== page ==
Sunday, October 21 @ 2 p.m. OCTOBER: Fri - Sat - Sun: 11 a.m. – 4 p.m. NOVEMBER: By chance or appointment
Bridge St. E. at the foot of Peel TAMWORTH 613-379-2108 www.tamworthbookshop.com firstname.lastname@example.org
This creative solution supports the arts locally and has no impact on the environment. After the election, the signs will be returned to Bon Eco Design for future uses.
Save the Date: Fun Fall Fashion Show all proceeds benefit THE STEPHEN LEWIS FOUNDATION Our local chapter, Grandmothers by the Lake are hosting a
Silent Auction & Fashion Show TUESDAY, OCTOBER 30
Trinity United Church, 6689 Road 38, Verona Silent Auction at 7:00 p.m.• Fashion Show at 7:30 p.m. Refreshments & purchasing of clothing from Designer Fashion Exchange Entrance $10 Contact Deb @ 613-374-3513 Come join us in supporting African Grandmothers raising children orphaned by the HIV/AIDS pandemic
We are a community based non-profit corporation aimed at encouraging local entrepreneurship and economic development. We provide loans, grants and business advice to businesses in Lennox & Addington and Prince Edward Counties. Napanee Office www.pelacfdc.ca 47 Dundas St East @CountyFutures Napanee, ON, K7R 1H7 Phone: 613-354-0162 • Toll Free: 1-800-354-5830
RIVER FALLS INDEPENDENT CLASS is looking to invite a few new students and families to join their current combined Grade 3/4 class. This class is taught by experienced and certified teachers. For more information on this class, please see
www.riverfallsclass.com or email
email@example.com October / November 2018 • The SCOOP
Pollinator Gardens Galore Susan Moore
utterflies and insects add a lot to our gardens: beauty, activity, and signs of eco-health. However, native pollinator populations are declining, imperiled by habitat loss and many other factors. The good news is, we can all help protect pollinators, and local solutions are best. On October 10, the Lennox & Addington Stewardship Council (www.lastewardship.ca) is pleased to host a workshop to create a buzz about pollinator gardens. Pollinators – birds, bees, butterflies and other insects – are part of the intricate web supporting the biological diversity that helps sustain our quality of life. By improving the habitat for pollinators, particularly native ones, we support our own food needs and we support diversity in the natural world. “Flowering plants across wild, farmed and even urban landscapes actually feed the terrestrial world, and pollinators are the great connectors that enable this giant food system to work for all who eat... including us.” Roger Lang, Chair, Pollinator Partnership (www.pollinator. org). An effective pollinator garden or yard should have appeal for insects and birds in all seasons. The pollinator workshop will demonstrate how.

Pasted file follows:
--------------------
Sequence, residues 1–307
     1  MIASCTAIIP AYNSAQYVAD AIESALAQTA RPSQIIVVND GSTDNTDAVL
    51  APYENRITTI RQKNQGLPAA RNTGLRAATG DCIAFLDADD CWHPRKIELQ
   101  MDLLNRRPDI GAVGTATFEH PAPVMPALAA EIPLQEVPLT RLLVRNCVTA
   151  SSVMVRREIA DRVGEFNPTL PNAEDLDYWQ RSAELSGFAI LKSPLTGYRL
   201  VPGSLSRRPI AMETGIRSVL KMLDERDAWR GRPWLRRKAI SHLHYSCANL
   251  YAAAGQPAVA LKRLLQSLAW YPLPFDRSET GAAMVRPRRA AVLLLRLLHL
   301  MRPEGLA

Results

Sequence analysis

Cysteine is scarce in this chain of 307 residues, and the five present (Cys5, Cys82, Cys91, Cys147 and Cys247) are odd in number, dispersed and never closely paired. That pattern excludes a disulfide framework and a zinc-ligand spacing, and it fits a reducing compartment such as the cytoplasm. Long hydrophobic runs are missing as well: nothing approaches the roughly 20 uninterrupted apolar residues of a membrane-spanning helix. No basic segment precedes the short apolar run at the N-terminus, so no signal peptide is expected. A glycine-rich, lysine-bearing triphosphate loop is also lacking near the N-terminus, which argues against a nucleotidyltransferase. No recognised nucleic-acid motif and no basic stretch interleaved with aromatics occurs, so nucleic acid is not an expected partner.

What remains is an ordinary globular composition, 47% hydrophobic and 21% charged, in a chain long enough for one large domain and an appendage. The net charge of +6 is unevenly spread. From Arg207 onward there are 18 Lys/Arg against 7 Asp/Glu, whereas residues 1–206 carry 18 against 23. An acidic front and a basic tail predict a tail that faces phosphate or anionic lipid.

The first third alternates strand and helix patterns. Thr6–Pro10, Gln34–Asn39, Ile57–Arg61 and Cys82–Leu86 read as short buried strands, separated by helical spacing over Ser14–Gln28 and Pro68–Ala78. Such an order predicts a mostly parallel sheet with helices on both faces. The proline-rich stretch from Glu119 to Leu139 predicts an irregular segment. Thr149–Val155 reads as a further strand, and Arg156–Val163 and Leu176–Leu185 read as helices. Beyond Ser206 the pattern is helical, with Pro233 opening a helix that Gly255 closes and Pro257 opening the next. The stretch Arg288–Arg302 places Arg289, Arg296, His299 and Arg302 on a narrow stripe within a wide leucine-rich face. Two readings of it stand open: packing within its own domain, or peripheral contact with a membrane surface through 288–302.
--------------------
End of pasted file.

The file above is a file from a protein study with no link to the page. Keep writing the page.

Pollinator friEndly yardS Maya Navrot, Education Coordinator for Quinte Conservation, has years of experience helping schools and organizations to design and plant
gardens to host our bird and insect friends. On October 10 in Odessa, Maya will give a photo presentation, “Pollinator Friendly Yards”, showing how to make a garden using plants that support the life cycles of our pollinators. Our gardens can feature flowering plants for early spring and late fall, as well as summer. Pollinator friendly yards can take on many forms from no-mow zones to wildflower meadow spaces to tended flower gardens. The introduction of wildflowers and flowering shrubs into a current garden space is one easy option. Maya will take us through the steps of planning for a garden beginning with assessing the site and considering personal preferences. What are the benefits of planting with native species? What role do pollinators play in our ecosystem? With a wide array of photos, Maya will present suggested native species (North American and native to our own area) that are great nectar producers and host plants for insect larvae. The demonstration of flowers will proceed from April-May blooming wildflowers through to October, so that pollinators are supported throughout our flowering seasons. Many trees, shrubs and grasses are also host plants. Determine what is already growing in your yard, and Maya can suggest how to enhance that growth.